nassim taleb photoFrom Nassim Taleb:

Friends, finally able to explain fragility, etc. (includes sensitivity to Black Swans ) with a simple graph:

Chapter 4. Thales’ Secret, or The Intelligence of
I landed early (once) — A simple heuristic to get an inheritance —
Where we discuss the idea of doing instead place of walking the
Great Walk — Where the philosophers’ stone was staring at us —
ideas matter less than fragility
Now, the central chapter. A bit technical, but central. Or perhaps not
technical, but central.
A story, present in the rabbinical literature (Midrash Tehillim), but also in
Eastern lore, says the following. A king, angry at his son, swore that he would
crush him with a large stone. After he calmed down he realized he was in
trouble as a king who breaks his oath is unfit to rule. His sage advisor came
up with a solution. Have the stone cut into very small pebbles, and have the
mischievous son pelted with them.
This is a potent illustration of how fragility stems from nonlinear
effects. Let us leave side the idea of circumventing rules and other lessons
one might derive from it, and focus on the very simple point, in fact, that
defines fragility:
For the fragile shocks bring higher harm as their intensity increases (up to the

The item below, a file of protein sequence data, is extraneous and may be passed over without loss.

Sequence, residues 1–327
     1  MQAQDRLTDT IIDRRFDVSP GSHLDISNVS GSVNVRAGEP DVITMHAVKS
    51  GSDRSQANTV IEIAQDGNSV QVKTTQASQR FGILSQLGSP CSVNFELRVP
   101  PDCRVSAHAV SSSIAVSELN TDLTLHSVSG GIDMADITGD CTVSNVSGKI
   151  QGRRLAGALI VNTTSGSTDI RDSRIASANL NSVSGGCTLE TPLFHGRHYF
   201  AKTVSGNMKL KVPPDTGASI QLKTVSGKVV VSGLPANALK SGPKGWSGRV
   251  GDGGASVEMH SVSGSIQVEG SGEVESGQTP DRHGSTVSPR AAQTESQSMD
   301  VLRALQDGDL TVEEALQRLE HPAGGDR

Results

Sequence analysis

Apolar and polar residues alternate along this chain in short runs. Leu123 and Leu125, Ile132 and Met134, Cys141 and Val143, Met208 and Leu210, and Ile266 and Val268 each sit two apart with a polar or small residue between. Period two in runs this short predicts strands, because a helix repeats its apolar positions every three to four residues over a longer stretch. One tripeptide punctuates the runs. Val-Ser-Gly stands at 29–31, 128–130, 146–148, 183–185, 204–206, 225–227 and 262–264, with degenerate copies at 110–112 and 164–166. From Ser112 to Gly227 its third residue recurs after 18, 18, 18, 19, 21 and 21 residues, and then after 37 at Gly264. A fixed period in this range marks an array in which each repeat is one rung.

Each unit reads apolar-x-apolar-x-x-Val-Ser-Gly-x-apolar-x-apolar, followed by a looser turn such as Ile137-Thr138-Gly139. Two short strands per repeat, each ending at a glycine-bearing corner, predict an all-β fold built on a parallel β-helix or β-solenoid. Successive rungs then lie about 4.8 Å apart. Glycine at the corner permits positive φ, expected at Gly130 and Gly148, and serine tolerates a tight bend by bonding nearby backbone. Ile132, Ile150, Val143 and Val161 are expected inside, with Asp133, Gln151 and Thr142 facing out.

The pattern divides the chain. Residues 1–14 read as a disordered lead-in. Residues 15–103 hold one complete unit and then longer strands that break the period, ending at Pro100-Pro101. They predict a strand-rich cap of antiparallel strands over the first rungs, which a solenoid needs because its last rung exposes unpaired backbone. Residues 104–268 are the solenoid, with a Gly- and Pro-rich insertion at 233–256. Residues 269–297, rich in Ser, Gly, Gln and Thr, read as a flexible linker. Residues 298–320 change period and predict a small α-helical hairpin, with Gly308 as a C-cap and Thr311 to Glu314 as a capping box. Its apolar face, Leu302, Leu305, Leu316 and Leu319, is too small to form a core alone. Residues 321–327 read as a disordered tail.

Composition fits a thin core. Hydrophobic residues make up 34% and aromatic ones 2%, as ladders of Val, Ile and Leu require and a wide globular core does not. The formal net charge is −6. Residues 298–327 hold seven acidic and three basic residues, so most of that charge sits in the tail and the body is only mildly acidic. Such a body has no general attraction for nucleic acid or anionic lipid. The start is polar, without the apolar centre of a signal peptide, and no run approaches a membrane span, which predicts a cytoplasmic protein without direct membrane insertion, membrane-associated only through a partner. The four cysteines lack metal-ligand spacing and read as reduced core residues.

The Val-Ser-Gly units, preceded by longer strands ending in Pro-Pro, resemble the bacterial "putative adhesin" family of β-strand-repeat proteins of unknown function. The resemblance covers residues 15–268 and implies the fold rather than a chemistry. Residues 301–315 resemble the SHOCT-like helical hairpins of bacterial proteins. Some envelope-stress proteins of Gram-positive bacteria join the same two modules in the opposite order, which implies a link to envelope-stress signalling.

point of breaking).
I’ve used the intuition to show why large corporations hurt more (when
they fall) than small ones and why speed is not a good thing —whether in
traffic or in business. Your car is fragile. If you drive it into the wall at fifty
miles per hour, it would cause more damage than if you drove it into the
same wall ten times at five mph. The harm at fifty miles per hour is more
than ten times the harm at five mph.

Other examples. Drinking seven bottles of wine in one sitting, then
water for the remaining six days is more harmful than drinking one bottle of
wine a day for seven days (spread out in two glasses per meal). Every
additional glass of wine harms you more than the preceding one, hence your
system is fragile to alcoholic consumption.
Jumping from a height of thirty feet (ten meters) brings more than ten
times the harm of jumping from a height of three feet (one meter) —actually
thirty feet seems to be the cutoff point for death from freefall. Or letting a
porcelain cup drop on the floor from a height of one foot (about thirty
centimeters) is worse than twelve times the damage from a drop from a
height of one inch (2 and a half centimeters).